The stories are not especially great, but the words that compose them might be worse. The Battle Network games did not receive updated English localizations for this collection. And that is a huge problem, as, even by the standards of the early 2000s, these games have awful localizations. It’s one thing for a translation to be full of embarrassing typos, but it’s another to obscure the function of items and make plot-critical advice vague, misleading, or flat-out wrong, as Battle Network’s English localization can do on occasion.
Battle Network 4 is the absolute worst in this regard. I can confidently say that it’s the worst English localization of any game that I’ve ever played. It may in fact be the worst English localization ever made, at least for a professionally released product. The amount of amateurish mistakes they make is something that must be seen to be believed. Capcom should be embarrassed that they approved this for release back in the day, and still embarrassed that they’re selling it 20 years later. The rest are nowhere near as bad as 4, but sloppy English translations just seem to be baked into Battle Network‘s DNA.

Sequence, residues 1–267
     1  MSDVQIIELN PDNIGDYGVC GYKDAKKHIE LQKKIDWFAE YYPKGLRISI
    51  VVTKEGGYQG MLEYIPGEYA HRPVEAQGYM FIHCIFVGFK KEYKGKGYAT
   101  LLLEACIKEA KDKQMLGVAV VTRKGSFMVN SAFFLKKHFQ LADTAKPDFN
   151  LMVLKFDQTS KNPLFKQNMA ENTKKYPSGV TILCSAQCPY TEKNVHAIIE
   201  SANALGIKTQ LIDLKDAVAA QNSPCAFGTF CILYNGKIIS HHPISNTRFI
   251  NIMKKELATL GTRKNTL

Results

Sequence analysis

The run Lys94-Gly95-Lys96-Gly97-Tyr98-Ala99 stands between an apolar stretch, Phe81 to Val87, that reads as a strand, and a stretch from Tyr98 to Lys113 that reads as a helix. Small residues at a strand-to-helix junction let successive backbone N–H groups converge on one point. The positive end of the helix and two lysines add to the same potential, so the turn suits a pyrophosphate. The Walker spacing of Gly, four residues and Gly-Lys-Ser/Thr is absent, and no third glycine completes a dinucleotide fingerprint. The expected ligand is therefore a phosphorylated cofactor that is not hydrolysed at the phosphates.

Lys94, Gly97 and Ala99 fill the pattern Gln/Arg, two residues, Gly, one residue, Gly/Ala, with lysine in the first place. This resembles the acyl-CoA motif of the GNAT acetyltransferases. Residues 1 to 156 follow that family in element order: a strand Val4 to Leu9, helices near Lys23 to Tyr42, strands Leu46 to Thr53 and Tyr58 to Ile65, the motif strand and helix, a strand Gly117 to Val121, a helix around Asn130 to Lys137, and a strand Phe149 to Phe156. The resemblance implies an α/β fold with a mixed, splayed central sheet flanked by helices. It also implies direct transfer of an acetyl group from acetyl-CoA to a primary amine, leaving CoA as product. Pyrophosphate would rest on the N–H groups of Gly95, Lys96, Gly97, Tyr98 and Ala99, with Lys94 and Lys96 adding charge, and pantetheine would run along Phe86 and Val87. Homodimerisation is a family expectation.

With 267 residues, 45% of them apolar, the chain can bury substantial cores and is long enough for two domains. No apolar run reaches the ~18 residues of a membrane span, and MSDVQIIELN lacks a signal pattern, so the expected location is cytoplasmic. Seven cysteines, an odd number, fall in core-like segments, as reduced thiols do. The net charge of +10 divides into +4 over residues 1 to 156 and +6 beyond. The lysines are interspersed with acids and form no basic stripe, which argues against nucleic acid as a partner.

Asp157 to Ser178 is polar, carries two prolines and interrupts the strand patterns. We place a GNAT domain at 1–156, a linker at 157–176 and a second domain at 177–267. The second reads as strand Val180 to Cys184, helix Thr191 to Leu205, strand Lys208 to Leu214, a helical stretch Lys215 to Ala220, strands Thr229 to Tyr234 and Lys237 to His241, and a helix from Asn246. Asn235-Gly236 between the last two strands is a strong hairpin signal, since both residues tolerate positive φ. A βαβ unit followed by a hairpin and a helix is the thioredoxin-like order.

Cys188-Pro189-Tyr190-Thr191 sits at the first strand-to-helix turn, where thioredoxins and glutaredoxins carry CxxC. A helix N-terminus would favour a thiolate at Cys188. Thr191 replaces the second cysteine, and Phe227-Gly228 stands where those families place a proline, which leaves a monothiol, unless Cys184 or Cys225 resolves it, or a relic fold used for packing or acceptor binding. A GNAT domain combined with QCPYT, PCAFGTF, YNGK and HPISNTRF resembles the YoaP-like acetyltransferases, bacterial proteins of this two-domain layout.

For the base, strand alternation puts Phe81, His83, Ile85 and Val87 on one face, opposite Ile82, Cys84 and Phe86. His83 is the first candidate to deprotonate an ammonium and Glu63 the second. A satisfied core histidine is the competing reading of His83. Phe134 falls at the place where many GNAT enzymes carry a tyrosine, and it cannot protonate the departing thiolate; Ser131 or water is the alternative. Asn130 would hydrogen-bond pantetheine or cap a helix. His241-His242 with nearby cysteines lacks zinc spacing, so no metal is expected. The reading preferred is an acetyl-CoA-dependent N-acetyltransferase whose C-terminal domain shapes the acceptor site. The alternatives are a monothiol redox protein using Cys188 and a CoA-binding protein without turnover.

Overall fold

One last note regarding story, I’d actively recommend that you don’t start with Battle Network 1. It’s easily the jankiest game in this collection and might scare off people who would otherwise love the series. The Battle Network games, while they do have connective tissue with prior entries, are largely self-contained adventures, so you’ll miss very little from starting with Battle Network 2 instead, (or anywhere else for that matter).
Gameplay: The Most Fun Anti-virus Ever!
Battle Network’s battle system was completely original back when these games first came out. And even nowadays, there’s nothing quite like it. It’s such a product of its time. A mixture of speculative sci-fi with an action RPG battle system. Also, throw in a card-based battle system and a heavy focus on multiplayer, because why not?